Undergraduate student

Looking for a BSc or MSc project?

Undergraduate students (BSc, MSc in Molecular biology or similar) with an interest in molecular genetics and who find our research of interest may send an email to Maria Eriksson. We usually accept one undergraduate student per semester. Please include a CV and a letter of interest.

Selected Publications

  1. Franco I, Helgadottir HT, Moggio A, Larsson M, Vrtačnik P, Johansson A, Norgren N, Lundin P, Mas-Ponte D, Nordström J, Lundgren T, Stenvinkel P, Wennberg L, Supek F, Eriksson M. Whole genome DNA sequencing provides an atlas of somatic mutagenesis in healthy human cells and identifies a tumor-prone cell type. Genome Biology, 2019, 20:285. (IF: 14.028)
  2. Aguado J, Sola-Carvajal A, Cancila V, Revêchon G, Fern Ong P, Winston Jones-Weinert C, Wallén Arzt E, Dreesen O, Tripodo C, Rossiello F*, Eriksson M*, d’Adda di Fagagna F*. Inhibition of DNA damage response at telomeres improves the detrimental phenotypes of Hutchinson-Gilford Progeria Syndrome. Nature Communications, 2019, 10:4990. *co-last author (IF: 11.880)
  3. Narisu N, Rothwell R, Vrtačnik P, Rodríguez S, Didion J, Zöllner S, Erdos MR, Collins FS, Eriksson M. Analysis of somatic mutations identifies signs of selection during in vitro aging of primary dermal fibroblasts. Aging Cell. 2019 Aug 5:e13010. (IF: 7.627)
  4. Helgadottir HT, Lundin P, Wallén Arzt E, Lindström AK, Graff C, Eriksson M. Somatic mutation that affects transcription factor binding upstream of CD55 in the temporal cortex of a late-onset Alzheimer disease patient. Hum Mol Genet. 2019 Aug 15;28(16):2675-2685. (IF: 5.985)
  5. Sola-Carvajal A, Revêchon G, Helgadottir HT, Whisenant D, Hagblom R, Döhla J, Katajisto P, Brodin D, Fagerström-Billai F, Viceconte N, Eriksson M. Accumulation of Progerin Affects the Symmetry of Cell Division and Is Associated with Impaired Wnt Signaling and the Mislocalization of Nuclear Envelope Proteins. J Invest Dermatol. 2019 May 23. pii: S0022-202X(19)31566-0. (IF: 6.448) #Article selected for journal cover.
  6. Osmanagic-Myers S, Kiss A, Manakanatas C, Hamza O, Sedlmayer F, Szabo PL, Fischer I, Fichtinger P, Podesser BK, Eriksson M, Foisner R. Endothelial progerin expression causes cardiovascular pathology through an impaired mechanoresponse. Journal of Clinical Investigation 2019; 129:531-545. (IF: 12.282)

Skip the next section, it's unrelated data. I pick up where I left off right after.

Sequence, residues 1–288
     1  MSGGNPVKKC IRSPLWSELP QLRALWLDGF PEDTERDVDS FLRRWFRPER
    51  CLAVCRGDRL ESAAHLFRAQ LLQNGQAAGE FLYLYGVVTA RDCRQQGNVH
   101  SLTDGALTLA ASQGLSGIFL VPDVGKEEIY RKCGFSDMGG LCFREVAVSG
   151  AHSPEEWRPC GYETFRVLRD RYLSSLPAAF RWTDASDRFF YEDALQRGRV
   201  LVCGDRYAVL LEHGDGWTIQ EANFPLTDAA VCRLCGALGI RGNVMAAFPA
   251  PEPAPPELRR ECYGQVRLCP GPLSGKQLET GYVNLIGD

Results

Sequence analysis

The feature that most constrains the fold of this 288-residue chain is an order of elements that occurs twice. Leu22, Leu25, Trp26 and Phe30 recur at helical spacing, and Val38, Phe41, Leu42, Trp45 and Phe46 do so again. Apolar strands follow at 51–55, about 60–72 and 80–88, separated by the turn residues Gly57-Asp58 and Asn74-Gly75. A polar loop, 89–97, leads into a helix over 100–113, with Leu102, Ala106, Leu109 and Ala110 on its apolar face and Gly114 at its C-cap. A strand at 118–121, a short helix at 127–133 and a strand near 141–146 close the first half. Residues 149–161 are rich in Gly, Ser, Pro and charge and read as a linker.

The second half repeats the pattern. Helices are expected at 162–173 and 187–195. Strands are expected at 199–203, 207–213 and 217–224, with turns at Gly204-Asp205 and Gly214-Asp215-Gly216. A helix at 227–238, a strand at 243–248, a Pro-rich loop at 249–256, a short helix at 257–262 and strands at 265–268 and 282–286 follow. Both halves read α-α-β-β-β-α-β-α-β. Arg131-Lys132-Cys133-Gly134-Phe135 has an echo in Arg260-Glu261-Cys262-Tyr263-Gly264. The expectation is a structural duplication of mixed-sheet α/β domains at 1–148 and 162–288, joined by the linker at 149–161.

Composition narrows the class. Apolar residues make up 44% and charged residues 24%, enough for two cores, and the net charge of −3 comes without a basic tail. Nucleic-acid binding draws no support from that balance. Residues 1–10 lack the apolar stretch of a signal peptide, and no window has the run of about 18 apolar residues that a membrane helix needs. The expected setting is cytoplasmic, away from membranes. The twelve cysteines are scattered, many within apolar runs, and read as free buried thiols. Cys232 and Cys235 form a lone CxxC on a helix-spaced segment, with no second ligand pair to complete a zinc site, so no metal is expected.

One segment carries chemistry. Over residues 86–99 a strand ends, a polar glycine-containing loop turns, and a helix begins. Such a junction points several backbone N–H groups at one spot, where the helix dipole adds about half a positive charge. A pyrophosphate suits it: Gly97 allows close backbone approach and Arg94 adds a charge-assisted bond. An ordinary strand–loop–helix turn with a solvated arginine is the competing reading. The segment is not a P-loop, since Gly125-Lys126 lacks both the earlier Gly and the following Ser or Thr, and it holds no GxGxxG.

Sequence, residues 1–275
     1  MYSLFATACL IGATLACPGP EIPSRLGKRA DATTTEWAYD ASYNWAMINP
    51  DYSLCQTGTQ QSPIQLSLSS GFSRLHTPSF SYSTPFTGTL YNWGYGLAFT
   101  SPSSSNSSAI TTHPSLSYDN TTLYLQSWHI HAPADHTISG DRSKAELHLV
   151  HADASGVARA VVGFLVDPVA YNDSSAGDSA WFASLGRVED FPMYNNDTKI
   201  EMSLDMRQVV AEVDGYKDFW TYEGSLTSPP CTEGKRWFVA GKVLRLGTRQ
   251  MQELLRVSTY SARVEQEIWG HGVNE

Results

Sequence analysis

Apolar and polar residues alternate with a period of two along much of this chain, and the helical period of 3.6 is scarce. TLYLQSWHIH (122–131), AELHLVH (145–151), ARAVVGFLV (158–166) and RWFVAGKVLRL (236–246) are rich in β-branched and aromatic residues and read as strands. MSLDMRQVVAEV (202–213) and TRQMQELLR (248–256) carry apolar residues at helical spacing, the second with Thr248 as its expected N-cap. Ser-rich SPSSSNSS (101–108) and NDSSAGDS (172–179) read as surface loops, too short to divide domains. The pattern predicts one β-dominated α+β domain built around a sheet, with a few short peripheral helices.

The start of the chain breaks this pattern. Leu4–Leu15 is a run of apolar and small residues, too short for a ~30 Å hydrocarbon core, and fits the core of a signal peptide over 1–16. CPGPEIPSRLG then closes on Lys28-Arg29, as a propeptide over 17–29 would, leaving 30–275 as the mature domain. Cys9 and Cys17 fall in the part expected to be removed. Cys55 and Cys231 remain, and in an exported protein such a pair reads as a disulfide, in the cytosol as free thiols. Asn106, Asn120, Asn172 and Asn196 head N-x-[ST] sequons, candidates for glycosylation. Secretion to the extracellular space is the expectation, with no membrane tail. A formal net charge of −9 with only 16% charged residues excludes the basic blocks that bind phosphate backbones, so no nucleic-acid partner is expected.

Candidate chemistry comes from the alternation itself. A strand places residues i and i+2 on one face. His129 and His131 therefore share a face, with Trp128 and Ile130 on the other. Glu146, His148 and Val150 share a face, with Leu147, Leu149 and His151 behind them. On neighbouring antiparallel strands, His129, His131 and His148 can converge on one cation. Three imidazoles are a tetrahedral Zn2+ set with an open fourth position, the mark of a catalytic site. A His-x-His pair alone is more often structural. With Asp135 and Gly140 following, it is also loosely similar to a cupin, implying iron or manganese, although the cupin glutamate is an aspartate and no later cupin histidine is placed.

7. Franco I, Johansson A, Olsson K, Vrtačnik P, Lundin P, Helgadottir HT, Larsson M, Revêchon G, Bosia C, Pagnani A, Provero P, Gustafsson T, Fischer H, Eriksson M. Somatic mutagenesis in satellite cells associates with human skeletal muscle aging. Nature Communications 2018, 9:800. (IF: 11.880)
  8. Rodríguez SA, Grochová D, McKenna T, Borate B, Trivedi NS, Erdos MR, Eriksson M. Global genome splicing analysis reveals an increased number of alternatively spliced genes with aging. Aging Cell. 2016, 15:267-78. (IF: 7.627)
  9. McKenna T, Rosengardten Y, Viceconte N, Baek J-H, Grochová D, Eriksson M. Embryonic expression of the common progeroid lamin A splice mutation arrests postnatal skin development. Aging Cell. 2014, 13: 292-302. (IF: 7.627)
  10. Eriksson M, Brown WT, Gordon LB, Glynn MW, Singer J, Scott L, Erdos MR, Robbins C M, Moses TY, Berglund P, Dutra A, Pak E, Durkin S, Csoka AB, Boehnke M, Glover TW, and Collins FS. Recurrent de novo Point Mutations in Lamin A Cause Hutchinson-Gilford Progeria Syndrome. Nature, 2003; 423: 293-298. (IF: 40.137)

Research Networks

  • European Joint program on Rare Diseases (EJPRD), coordinator 2020-2022
  • European Society of Human Genetics
  • American Society of Human Genetics


  • 2018 Rönnberg's prize in aging and age-related diseases to Irene Franco
  • 2019 Jeansson’s foundation to Irene Franco